Whether store-bought or harvested from your garden, unused mushrooms must be placed inside a loosely closed paper bag and refrigerated as soon as possible. Also, remember that they will dry out and lose weight when stored for a long time, so it’s best to consume them when they’re fresh.10

Why You Should Use Organic Free-Range Chicken or Turkey Broth

Aside from their nutritional benefits, free-range poultry like chicken and turkey can add a rich flavor to dishes even if only their leftover bones, meat and drippings are used. Turkey boasts a number of nutrients including protein, calcium, phosphorus, niacin, vitamin A and vitamin D.11

The gelatin found in the cartilages and bones of turkey may help minimize the effects of osteoarthritis and osteoporosis, as found by a 2000 study. It is generally safe to consume, making it an effective agent for long-term consumption.12 Glycine, an amino acid found in gelatin,13 was also found to have a calming effect that may help you sleep.14

On the other hand, organic chicken contains a higher amount of omega-3 fatty acids15 and is less likely to cause illnesses compared to factory farmed chickens, which can harbor dangerous pathogens like enterococcus, E. coli, campylobacter, klebsiella pneumonia and staphylococcus aureus.16 Instead of buying, you can also make homemade turkey broth, which I highly recommend. You will be able to maximize the benefits mentioned if you use organic turkey or chicken that has the American Grassfed Association’s grass fed label.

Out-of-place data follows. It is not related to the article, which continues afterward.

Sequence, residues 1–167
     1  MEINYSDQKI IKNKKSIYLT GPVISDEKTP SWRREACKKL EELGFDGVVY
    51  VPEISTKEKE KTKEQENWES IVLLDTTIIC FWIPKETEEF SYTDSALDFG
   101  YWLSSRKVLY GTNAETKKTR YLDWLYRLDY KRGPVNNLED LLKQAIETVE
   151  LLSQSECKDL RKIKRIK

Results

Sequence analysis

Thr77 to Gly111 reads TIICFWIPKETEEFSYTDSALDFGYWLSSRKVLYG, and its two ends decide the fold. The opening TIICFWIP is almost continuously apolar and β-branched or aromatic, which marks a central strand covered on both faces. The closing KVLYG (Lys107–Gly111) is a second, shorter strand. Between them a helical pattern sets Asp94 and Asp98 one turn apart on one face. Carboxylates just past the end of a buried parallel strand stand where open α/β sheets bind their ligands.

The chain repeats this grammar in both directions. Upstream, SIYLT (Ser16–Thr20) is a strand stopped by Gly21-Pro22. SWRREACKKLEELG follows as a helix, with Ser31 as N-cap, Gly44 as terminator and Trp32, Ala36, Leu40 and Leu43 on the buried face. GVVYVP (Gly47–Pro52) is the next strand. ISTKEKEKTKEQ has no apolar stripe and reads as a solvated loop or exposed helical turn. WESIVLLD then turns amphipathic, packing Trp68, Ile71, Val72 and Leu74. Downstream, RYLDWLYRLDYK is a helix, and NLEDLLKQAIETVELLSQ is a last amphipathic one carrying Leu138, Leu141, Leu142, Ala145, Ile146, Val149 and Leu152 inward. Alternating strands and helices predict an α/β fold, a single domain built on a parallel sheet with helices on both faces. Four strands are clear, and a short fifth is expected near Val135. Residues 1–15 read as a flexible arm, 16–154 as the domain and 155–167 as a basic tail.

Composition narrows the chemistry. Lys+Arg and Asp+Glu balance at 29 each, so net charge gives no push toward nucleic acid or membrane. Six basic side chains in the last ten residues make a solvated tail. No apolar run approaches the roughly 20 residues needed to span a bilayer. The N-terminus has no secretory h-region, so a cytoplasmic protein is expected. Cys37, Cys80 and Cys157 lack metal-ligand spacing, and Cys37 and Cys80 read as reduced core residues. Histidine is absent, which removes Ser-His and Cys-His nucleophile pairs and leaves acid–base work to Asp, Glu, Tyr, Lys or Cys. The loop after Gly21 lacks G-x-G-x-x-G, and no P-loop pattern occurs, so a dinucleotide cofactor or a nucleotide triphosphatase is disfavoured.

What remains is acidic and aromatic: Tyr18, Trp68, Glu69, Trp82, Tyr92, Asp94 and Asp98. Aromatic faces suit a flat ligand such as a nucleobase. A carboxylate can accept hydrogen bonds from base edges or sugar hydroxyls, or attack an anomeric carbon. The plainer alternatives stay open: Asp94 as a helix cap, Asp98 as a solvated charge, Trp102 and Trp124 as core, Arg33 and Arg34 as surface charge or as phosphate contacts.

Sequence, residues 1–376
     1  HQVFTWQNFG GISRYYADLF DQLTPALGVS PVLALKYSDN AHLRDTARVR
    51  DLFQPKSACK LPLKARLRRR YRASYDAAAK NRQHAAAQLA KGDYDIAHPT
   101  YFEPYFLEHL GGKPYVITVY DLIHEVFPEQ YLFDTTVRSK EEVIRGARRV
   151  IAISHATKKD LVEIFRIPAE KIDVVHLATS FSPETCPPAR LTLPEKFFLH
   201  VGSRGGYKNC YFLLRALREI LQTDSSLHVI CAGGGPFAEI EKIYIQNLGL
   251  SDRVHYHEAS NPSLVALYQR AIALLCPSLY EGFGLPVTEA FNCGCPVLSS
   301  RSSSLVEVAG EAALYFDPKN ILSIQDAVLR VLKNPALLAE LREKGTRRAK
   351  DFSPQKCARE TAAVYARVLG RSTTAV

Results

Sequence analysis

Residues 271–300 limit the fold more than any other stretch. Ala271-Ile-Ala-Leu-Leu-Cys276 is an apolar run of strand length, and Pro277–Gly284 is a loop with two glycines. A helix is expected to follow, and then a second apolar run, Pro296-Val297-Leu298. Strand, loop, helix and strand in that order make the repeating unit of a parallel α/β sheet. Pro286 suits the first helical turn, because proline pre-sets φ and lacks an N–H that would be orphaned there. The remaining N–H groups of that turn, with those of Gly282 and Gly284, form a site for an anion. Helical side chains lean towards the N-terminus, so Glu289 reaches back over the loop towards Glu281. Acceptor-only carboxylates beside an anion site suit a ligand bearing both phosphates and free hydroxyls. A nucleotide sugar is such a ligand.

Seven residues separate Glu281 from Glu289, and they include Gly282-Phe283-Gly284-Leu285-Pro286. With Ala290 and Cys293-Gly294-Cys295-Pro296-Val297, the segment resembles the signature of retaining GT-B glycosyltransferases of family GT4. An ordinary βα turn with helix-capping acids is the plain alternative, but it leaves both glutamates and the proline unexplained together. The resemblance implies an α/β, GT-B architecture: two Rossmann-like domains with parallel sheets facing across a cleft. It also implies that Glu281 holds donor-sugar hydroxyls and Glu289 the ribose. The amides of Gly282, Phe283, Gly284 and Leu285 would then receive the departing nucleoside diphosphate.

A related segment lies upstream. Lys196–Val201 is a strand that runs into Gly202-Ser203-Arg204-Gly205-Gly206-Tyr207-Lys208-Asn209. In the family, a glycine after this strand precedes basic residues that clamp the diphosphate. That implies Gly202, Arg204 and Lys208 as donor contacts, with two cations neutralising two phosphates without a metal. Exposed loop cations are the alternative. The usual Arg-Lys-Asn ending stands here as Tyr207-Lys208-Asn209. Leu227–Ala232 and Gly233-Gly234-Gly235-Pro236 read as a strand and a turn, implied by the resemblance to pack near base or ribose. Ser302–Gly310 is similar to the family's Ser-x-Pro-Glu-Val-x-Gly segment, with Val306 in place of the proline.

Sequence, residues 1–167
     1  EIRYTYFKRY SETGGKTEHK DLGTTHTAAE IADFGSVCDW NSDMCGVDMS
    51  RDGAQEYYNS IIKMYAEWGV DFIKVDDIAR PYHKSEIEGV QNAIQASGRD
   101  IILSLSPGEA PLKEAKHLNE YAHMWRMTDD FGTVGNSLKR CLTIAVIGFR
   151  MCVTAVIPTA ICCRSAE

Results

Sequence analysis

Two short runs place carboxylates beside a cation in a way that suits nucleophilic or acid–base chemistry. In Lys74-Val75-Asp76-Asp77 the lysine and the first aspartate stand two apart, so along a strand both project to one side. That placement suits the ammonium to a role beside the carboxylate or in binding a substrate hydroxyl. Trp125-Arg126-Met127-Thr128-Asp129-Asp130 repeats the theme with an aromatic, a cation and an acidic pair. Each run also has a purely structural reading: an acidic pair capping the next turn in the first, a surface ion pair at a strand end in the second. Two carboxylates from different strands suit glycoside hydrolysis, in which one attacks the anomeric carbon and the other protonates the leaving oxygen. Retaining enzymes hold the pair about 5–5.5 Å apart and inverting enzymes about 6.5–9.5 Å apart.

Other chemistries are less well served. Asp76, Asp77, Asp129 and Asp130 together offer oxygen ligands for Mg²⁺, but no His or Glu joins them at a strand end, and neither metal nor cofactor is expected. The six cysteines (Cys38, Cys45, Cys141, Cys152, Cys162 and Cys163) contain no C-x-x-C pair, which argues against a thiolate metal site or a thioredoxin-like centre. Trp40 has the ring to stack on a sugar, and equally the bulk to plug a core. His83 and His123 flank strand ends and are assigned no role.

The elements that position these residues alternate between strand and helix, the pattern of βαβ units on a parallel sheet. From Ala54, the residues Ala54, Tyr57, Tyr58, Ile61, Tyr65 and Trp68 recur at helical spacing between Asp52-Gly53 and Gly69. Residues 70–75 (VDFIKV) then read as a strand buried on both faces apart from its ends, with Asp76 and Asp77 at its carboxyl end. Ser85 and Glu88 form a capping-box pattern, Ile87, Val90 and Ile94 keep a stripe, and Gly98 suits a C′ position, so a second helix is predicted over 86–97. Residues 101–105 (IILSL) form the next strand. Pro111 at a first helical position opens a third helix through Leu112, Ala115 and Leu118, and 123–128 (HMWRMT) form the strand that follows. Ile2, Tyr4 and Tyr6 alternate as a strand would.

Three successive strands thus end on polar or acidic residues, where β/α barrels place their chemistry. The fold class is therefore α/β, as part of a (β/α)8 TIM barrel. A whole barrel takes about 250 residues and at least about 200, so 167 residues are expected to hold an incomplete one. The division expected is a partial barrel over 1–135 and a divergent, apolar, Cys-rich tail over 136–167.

This ensures that the poultry you purchased went through a healthy and humane treatment, is raised on pasture and fed only grass and forage, meets consumer expectations on grass fed products, is not treated with antibiotics or growth hormones, and is raised on American family farms.17 Organic free-range poultry may also be tastier because of the natural food sources.18

7 Shiitake Mushroom Soup Cooking Tips

Cooking soups may require various techniques depending on your ingredients, but for this mushroom soup recipe, here are a few tricks to make it the best possible:

  • Instead of using regular table salt that is processed and may contain additives, season your dishes with Himalayan salt. It contains naturally occurring trace minerals that are essential for healthy bones, fluid balance and overall health. Because Himalayan salt usually has larger crystals and is saltier, you may use smaller amounts to achieve your desired taste.19
  • To soften carrots, boil them whole with their skins intact to retain most of their nutrients. Chop or slice them once they’re cooked.20
  • Choose organic onions instead of the conventionally grown ones because their flavonoid levels and antioxidant activity are higher.21
  • Crush the garlic and wait five to 10 minutes before cooking to delay the loss of its antiplatelet activity.22
  • Dr. Steven Gundry, author of “The Plant Paradox: The Hidden Dangers in ‘Healthy’ Foods That Cause Disease and Weight Gain,” recommends using MCT oil instead of coconut oil if you have a leaky gut to avoid complications due to coconut oil’s lauric acid content.